Make civility a priority

May 05, 2004|By Stephen Wallis

THE MEDIA accounts of the recent restroom episode at a Howard County high school, where youngsters were alleged to have raped a student only to have her reportedly recant her story, have missed an important commentary on the incident, one that is lost in similar occurrences across the country.

That these boys and the girl would be brazen enough to engage in such behavior with total disregard for propriety is an assault on the remainder of a school's disciplined, respected student population, its faculty and staff, its parents and its business community.

The police and prosecutor's office, in fact, handled the matter well, based on the facts as they had them at the time, both from the alleged victim and the hospital staff report that was provided. The system should well work in just that fashion if the safety and security of a community are to be a priority.

Law enforcement officials continued to provide expert service in their investigation and handling of the matter when they expeditiously decided to remove charges based on additional information.

Parents, educators, teachers unions, legislators and students around the country have for years decried the lack of civility in our schools -- urban, suburban and rural alike. Many will argue that it continues to be the pivotal reason for this country's lackluster educational performance.

Such behavior might well occur -- and does throughout the country -- in any school on any given day. This is among the reasons why it is incumbent upon every school everywhere to emphasize the importance of an appropriate teaching-learning environment that emphasizes compassion, the value of hard work, respect, responsibility, civility and character.

Rhetoric at the national level with respect to "setting rigorous standards," establishing high school "exit exams," eliminating the "achievement gap," etc., is pure folly when we continue to ignore the main reason such standards and measures are not achievable.

Schools that work hard to provide an appropriate school culture need to be supported by school system headquarters and the larger community. This needs to be supported with an equally aggressive culture of achievement embraced by all students and all communities that reinforces daily the importance of an environment that is conducive to meaningful academic and extracurricular involvement.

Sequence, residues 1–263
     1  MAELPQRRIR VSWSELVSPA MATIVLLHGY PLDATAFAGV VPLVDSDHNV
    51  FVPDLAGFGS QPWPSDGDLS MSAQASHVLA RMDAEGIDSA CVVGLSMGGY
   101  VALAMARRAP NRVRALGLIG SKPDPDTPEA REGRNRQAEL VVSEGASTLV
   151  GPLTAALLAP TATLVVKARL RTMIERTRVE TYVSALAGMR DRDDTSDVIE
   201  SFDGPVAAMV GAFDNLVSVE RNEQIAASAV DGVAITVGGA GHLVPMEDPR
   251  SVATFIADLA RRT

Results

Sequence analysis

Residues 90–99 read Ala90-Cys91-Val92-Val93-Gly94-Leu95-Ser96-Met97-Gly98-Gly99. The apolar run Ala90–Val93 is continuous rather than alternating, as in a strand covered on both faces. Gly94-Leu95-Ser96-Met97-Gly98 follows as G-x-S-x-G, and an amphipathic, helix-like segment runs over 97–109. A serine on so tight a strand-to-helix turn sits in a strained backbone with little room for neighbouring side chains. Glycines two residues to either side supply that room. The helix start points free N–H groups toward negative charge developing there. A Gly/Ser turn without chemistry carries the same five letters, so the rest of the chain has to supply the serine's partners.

It is noteworthy to review the academic and behavioral history of student offenders nationally. On rare occasions do we see ill behavior -- sometimes all too tragic -- performed by youngsters who showed no signs of anti-social behavior. More often than not, these incidents are exhibited by those who frequently feel they can take license to engage in repeated disrespectful, disruptive behavior in our public schools.

It is equally noteworthy to understand that the first and most important teacher in any child's life is his or her parent; for that youngster, Mom, Dad or both is the single most important influence. Those students whose parent(s) take an active interest in a child's education -- working in partnership with the school -- are far more successful, by any measure.

Ill behavior is indigenous to no particular race, socioeconomic level or age. And the issue at hand should not be debauched by another using such a reason either to explain his or her behavior or escape responsibility for it.

Successful public schools dot the American landscape, and in these schools all children can and do learn. Schools and communities throughout the country need to wage a war on incivility. Taking a nurturingly aggressive stance on menacing behavior would provide an enriching, encouraging environment for the majority of our youngsters.

Further, such a stance would restore a meaningful teaching-learning culture in which a sense of decorum would cultivate achievable standards, less interference in instruction, lower dropout rates and a better-educated work force. America's parents, schoolchildren and teachers richly deserve our national and local attention to this matter.

There were, to be sure, victims that accompanied the outrageous behavior and breach of personal responsibility in Howard County; none of them, however, was in that restroom at the time.

Stephen Wallis is principal of Harper's Choice Middle School in Howard County.

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